Hafod: A Centre of Great Misfortune - Stuart Evans
I had been inspired to revisit Hafod the Thomas Johns estate above Devils Bridge. Mainly to find the exact locations of the prints which hang outside my office at the museum.
Our three boys tumbled out of the car and ran down to the pyran cascade. They waved at Jenny and I from the precipice above the falls.
Thomas Johns had attempted to make a picturesque wilderness here. His only daughter Mariamne died young and this shattered his dreams.
Jenny spotted a bat catching insects.
I saw Isaac balance his way across wet boulders. He fell. I watched his leg fold back and slip towards a razor sharp slate. I thought his knee cap was sliced. The river ran red. His scream filled the valley. He straightened and put his weight on his leg. I was in pieces.
Jenny pointed out the bat.
Please tell us a little about yourself.
My name is Stuart Evans and I work at Ceredigion Museum Aberystwyth as a display designer and technician. I am interested in the history of this area, the landscape, drawing and painting as well as photography and film making. More recently I have been interested in sound recording especially oral history.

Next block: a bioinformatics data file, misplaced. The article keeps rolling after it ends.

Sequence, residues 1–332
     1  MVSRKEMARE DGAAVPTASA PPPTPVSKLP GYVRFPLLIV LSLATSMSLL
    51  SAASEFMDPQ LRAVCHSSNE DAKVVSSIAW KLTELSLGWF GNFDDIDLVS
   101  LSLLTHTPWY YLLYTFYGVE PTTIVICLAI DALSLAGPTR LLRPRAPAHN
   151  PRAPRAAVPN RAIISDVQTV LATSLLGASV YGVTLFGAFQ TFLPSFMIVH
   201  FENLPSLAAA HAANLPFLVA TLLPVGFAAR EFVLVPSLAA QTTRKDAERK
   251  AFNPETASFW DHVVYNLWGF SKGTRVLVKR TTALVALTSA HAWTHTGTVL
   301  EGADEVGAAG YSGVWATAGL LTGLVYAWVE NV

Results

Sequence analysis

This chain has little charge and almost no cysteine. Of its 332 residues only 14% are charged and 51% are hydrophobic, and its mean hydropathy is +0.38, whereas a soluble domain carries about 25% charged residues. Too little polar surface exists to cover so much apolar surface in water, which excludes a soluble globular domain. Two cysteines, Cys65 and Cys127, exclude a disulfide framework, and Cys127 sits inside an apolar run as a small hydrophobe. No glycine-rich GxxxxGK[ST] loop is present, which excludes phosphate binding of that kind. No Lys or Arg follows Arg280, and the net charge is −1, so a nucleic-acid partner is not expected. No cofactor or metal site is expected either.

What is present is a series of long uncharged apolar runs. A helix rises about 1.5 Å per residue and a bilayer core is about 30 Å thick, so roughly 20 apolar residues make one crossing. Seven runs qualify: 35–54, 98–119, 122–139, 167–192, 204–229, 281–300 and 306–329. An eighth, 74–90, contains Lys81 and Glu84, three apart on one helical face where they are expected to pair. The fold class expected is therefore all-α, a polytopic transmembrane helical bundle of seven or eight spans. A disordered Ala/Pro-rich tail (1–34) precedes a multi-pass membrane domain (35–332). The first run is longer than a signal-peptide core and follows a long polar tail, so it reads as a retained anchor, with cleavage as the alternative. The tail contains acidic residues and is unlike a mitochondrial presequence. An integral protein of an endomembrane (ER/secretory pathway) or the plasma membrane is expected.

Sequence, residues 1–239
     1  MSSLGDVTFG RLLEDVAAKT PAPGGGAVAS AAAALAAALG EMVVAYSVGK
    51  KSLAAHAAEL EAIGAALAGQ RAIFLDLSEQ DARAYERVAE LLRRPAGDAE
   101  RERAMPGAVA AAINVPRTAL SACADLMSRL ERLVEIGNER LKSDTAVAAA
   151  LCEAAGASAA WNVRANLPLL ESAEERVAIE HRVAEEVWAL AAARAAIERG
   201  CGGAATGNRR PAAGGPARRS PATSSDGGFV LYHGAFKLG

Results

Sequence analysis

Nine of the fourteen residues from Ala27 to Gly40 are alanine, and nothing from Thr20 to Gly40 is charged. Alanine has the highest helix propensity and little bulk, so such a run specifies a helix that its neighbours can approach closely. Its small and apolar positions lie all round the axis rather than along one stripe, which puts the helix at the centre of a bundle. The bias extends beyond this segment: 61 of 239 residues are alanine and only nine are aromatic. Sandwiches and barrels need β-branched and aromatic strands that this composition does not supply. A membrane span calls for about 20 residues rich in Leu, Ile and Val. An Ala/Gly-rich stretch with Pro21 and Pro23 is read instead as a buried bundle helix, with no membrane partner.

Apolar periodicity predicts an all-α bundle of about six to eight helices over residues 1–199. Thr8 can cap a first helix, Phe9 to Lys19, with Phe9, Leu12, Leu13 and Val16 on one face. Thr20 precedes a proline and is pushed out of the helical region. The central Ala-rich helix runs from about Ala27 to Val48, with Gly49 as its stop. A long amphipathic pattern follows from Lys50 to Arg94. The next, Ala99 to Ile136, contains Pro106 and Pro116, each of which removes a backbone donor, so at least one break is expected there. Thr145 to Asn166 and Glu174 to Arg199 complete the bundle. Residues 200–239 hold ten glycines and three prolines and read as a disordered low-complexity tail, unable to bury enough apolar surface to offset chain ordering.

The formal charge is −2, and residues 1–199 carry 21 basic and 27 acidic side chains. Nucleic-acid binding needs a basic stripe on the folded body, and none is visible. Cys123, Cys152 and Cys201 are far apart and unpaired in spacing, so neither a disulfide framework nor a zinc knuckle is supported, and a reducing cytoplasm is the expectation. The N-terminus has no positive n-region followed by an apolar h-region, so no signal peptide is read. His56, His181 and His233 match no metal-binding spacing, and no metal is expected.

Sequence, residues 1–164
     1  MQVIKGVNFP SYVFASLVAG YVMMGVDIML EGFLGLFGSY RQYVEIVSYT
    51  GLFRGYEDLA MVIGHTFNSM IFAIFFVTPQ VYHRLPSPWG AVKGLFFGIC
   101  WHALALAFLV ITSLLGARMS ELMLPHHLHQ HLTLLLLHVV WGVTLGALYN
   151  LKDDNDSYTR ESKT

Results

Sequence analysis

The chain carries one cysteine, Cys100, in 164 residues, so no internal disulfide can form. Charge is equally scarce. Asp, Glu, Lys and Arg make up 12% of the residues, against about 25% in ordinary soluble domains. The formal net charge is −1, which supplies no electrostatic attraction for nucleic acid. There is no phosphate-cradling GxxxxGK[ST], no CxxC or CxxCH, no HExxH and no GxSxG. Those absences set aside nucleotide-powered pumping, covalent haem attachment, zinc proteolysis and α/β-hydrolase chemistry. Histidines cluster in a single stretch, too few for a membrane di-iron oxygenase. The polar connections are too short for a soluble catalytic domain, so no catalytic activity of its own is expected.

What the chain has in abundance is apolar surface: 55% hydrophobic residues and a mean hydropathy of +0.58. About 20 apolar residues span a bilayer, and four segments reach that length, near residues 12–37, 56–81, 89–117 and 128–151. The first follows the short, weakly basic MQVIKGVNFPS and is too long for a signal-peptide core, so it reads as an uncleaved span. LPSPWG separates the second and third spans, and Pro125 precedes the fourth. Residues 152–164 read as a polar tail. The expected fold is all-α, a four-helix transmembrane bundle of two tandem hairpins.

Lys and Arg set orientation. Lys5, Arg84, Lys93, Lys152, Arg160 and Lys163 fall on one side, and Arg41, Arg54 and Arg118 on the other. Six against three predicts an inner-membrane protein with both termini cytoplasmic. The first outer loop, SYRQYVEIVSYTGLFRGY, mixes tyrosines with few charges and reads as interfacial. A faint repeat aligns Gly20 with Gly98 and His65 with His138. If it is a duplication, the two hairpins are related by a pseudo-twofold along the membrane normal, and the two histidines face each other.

What’s your story about?
The Hafod Estate, just above Devils Bridge, was once owned by Thomas Johnes, who planted thousands of trees on his estate and created walkways in the landscape during the late eighteenth and early nineteenth century. It is now open to the public and my story is about a visit I made with my family to view the dramatic waterfalls one Sunday afternoon.
Why did you choose this particular story?
Our visit to the Hafod Estate was a recent occurance and had a mix of artistic and historic interest.
What did you find most rewarding about the workshop?
Being able to discover the power of putting image and sound together to create a multi layered piece of work which communicated quite complex issues.